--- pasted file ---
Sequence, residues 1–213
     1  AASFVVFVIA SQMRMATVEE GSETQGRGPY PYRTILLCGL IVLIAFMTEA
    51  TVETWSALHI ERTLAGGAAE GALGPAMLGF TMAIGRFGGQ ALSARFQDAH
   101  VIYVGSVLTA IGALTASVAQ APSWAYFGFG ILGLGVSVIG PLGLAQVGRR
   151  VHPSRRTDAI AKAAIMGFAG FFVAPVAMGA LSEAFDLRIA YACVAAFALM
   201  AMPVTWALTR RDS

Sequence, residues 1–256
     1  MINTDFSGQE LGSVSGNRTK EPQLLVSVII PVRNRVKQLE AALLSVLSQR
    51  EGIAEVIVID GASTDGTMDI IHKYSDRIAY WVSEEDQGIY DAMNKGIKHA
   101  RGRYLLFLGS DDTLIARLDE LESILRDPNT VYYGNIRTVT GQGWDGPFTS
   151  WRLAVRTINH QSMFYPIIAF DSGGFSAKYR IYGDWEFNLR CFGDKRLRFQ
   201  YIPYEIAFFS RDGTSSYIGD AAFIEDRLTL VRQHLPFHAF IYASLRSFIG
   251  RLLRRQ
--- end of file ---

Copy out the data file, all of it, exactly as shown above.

Sequence, residues 1–213
     1  AASFVVFVIA SQMRMATVEE GSETQGRGPY PYRTILLCGL IVLIAFMTEA
    51  TVETWSALHI ERTLAGGAAE GALGPAMLGF TMAIGRFGGQ ALSARFQDAH
   101  VIYVGSVLTA IGALTASVAQ APSWAYFGFG ILGLGVSVIG PLGLAQVGRR
   151  VHPSRRTDAI AKAAIMGFAG FFVAPVAMGA LSEAFDLRIA YACVAAFALM
   201  AMPVTWALTR RDS

Sequence, residues 1–256
     1  MINTDFSGQE LGSVSGNRTK EPQLLVSVII PVRNRVKQLE AALLSVLSQR
    51  EGIAEVIVID GASTDGTMDI IHKYSDRIAY WVSEEDQGIY DAMNKGIKHA
   101  RGRYLLFLGS DDTLIARLDE LESILRDPNT VYYGNIRTVT GQGWDGPFTS
   151  WRLAVRTINH QSMFYPIIAF DSGGFSAKYR IYGDWEFNLR CFGDKRLRFQ
   201  YIPYEIAFFS RDGTSSYIGD AAFIEDRLTL VRQHLPFHAF IYASLRSFIG
   251  RLLRRQ